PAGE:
The issue this case presented for the Pennsylvania Supreme Court's review centered on whether Appellant’s legal malpractice claims against Appellees, her former attorneys, were barred under the Court’s decision in Muhammad v. Strassburger, McKenna, Messer, Shilobod & Gutnick, 587 A.2d 1346 (Pa. 1991), which held that a plaintiff could not sue his attorney on the basis of the adequacy of a settlement to which the plaintiff agreed, unless the plaintiff alleged the settlement was the result of fraud. Appellant, Dr. Ahlam Kahlil, owned a unit in the Pier 3 Condominiums in Philadelphia; the unit was insured by State Farm Fire and Casualty Company (“State Farm”). The Pier 3 Condominium Association (“Pier 3”) was insured under a master policy issued by Travelers Property Casualty Company of America (“Travelers”). In May 2007, Appellant sustained water damage to her unit as a result of a leak in the unit directly above hers, which was owned by Jason and Anne Marie Diegidio. Due to the water damage, Appellant moved out of her unit and stopped paying her condominium fees. Appellant filed suit against State Farm and Travelers, alleging breach of contract and bad faith, and against the Diegidios, alleging negligence. A year later, Pier 3 filed a separate lawsuit against Appellant for her unpaid condominium fees and charges. In affirming in part and reversing in part the trial court, the Supreme Court found that by finding Appellant’s claims were barred under Muhammad, the lower courts ignored other averments in Appellant’s complaint which did not allege fraud, but, rather, alleged legal malpractice by Appellees in allowing Appellant to enter into a settlement agreement in the Water Damage Case that subsequently precluded her from raising her desired claims in the Fees Case, while repeatedly advising Appellant that the settlement agreement would not preclude those claims. "[A]s our review of Appellant’s complaint demonstrates that she was not merely challenging the amount of her settlement in the Water Damage Case, but rather alleged that Appellees provided incorrect legal advice regarding the scope and effect the Travelers Release, we hold that Muhammad’s bar on lawsuits based on the adequacy of a settlement is not implicated in this case." View "Khalil v. Williams" on Justia Law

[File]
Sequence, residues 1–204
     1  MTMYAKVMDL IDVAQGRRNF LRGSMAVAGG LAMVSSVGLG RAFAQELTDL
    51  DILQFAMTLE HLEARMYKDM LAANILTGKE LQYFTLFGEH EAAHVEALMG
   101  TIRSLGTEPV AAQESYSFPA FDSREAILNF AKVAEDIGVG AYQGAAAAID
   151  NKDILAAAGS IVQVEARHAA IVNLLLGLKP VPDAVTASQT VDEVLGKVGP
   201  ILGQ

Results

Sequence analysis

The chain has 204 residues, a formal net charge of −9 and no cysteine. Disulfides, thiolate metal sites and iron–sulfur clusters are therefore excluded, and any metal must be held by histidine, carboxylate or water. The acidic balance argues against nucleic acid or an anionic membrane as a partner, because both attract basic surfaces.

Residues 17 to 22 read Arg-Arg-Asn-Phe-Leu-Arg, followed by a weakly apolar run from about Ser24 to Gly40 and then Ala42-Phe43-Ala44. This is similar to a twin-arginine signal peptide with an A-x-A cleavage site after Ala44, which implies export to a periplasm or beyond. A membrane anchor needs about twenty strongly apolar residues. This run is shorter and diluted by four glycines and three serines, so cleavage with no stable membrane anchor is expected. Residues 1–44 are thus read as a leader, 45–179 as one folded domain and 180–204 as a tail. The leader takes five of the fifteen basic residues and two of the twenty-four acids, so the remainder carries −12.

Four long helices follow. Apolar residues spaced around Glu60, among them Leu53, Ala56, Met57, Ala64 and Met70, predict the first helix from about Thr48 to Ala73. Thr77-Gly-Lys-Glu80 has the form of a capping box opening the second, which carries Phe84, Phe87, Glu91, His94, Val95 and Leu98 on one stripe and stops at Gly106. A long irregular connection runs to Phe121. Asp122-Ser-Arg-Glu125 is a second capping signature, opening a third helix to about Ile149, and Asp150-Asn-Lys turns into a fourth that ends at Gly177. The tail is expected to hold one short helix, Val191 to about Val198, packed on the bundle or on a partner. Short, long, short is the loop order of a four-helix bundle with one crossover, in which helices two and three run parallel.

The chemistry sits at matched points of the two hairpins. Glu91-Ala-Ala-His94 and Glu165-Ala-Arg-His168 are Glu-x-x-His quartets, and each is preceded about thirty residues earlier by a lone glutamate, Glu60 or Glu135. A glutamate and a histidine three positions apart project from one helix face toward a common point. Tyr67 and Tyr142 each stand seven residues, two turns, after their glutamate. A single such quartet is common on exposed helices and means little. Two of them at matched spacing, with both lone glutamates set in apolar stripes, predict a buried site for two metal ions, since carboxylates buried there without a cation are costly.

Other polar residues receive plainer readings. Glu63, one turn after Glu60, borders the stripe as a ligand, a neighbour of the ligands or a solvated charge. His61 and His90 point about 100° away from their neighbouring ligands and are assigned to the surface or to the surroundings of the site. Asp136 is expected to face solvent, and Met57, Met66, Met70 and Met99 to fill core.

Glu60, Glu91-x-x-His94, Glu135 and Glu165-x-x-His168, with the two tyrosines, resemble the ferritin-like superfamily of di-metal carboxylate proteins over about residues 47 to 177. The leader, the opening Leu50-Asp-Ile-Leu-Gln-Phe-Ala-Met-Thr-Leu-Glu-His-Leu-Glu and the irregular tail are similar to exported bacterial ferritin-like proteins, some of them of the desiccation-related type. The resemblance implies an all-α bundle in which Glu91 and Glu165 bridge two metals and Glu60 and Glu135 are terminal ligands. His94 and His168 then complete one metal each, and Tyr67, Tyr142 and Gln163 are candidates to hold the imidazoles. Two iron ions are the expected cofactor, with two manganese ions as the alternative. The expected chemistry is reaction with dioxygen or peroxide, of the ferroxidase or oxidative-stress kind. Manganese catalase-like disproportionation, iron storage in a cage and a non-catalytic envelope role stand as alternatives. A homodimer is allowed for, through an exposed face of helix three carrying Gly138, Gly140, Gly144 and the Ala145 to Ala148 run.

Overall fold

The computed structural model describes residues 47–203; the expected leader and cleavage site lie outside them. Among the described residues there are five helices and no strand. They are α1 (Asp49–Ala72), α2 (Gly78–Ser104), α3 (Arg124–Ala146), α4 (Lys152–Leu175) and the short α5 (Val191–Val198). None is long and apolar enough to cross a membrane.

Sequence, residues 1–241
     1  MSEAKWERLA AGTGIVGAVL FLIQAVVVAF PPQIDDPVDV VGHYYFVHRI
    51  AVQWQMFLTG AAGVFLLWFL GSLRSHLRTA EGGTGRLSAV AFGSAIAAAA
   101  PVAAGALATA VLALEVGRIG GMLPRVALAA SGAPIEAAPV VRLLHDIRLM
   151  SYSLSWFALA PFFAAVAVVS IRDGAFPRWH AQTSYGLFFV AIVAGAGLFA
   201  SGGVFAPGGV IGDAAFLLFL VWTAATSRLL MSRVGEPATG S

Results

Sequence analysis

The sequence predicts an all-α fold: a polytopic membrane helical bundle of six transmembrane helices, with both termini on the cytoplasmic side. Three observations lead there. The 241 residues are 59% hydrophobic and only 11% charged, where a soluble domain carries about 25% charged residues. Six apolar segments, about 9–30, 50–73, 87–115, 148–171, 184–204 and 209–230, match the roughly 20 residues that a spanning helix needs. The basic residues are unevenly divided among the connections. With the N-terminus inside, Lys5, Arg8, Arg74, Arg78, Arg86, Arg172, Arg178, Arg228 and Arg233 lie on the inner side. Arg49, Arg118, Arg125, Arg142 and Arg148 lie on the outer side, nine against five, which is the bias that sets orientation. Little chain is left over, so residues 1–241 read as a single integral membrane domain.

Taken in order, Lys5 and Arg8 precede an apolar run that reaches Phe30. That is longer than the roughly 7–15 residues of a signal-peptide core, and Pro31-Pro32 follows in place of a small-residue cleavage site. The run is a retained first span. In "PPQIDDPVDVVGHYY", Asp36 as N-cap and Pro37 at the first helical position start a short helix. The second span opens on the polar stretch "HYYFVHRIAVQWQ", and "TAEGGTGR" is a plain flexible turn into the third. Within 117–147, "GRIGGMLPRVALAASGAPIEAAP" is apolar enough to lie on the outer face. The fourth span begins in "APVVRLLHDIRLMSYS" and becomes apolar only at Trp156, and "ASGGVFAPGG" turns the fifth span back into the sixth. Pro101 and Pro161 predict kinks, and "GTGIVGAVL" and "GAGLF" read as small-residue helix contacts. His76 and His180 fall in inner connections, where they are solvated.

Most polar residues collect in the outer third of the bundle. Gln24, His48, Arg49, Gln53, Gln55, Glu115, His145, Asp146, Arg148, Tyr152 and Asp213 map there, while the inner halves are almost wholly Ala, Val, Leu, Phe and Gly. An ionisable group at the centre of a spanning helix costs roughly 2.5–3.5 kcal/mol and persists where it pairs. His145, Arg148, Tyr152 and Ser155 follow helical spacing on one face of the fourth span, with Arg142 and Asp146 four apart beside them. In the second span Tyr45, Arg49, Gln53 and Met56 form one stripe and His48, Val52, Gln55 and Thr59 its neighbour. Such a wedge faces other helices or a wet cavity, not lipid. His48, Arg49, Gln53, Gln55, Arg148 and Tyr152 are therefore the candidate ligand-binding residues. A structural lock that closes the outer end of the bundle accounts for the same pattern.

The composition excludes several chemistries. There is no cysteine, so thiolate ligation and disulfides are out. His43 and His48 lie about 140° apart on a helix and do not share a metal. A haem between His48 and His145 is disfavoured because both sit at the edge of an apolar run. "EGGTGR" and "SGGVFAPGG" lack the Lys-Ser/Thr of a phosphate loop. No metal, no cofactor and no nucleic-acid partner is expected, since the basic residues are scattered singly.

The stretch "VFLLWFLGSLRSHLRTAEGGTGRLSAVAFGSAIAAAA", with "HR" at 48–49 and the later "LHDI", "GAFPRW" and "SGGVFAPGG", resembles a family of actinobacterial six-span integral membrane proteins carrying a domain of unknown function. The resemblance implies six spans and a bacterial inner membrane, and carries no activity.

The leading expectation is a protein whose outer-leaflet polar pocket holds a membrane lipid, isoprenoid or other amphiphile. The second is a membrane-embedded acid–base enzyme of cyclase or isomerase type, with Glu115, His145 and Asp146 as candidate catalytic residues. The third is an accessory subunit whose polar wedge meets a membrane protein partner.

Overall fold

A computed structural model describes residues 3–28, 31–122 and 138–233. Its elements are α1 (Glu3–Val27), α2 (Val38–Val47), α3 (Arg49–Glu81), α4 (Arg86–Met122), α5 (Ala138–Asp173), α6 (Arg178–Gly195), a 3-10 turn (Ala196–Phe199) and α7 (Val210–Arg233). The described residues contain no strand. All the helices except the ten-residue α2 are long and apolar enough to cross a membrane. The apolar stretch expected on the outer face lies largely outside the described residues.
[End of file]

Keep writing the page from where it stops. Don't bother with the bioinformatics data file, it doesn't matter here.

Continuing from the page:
Estate of Bisher v. Lehigh Vly Health Net.
Following the death of their twenty-five-year-old son Cory Bisher (“Cory”), Brenton and Carla Bisher filed suit, without representation by counsel, against eleven defendants comprising both named individuals and corporate entities alleging their medical malpractice resulting in Cory’s death. Each parent brought their own wrongful death claims, and Carla filed a survival action on behalf of Cory’s estate (“Estate”). Following protracted proceedings, the trial court struck the amended complaint with prejudice because of defects in the Certificates of Merit mandated by Rule of Civil Procedure 1042.3 in professional liability suits against licensed professionals. On appeal, the Superior Court sua sponte determined that the Bishers committed two errors that jointly deprived the trial court of subject-matter jurisdiction over all claims: Carla’s unauthorized practice of law and the lack of verification of the complaint. The panel concluded that it too lacked jurisdiction and quashed the appeal. The Pennsylvania Supreme Court found that neither the unauthorized practice of law in the trial court, nor the lack of verification identified by the Superior Court, implicated subject-matter jurisdiction, and thus could not be raised sua sponte. The Supreme Court also disagreed with the panel’s alternative holding that the trial court properly struck the amended complaint because of the defects in the Certificates of Merit. Because the unauthorized practice of law issue will be ripe for further litigation on remand, the Supreme Court concluded that pleadings unlawfully filed by non-attorneys were not void ab initio. "Instead, after notice to the offending party and opportunity to cure, the pleadings are voidable in the discretion of the court in which the unauthorized practice of law took place." View "Estate of Bisher v. Lehigh Vly Health Net." on Justia Law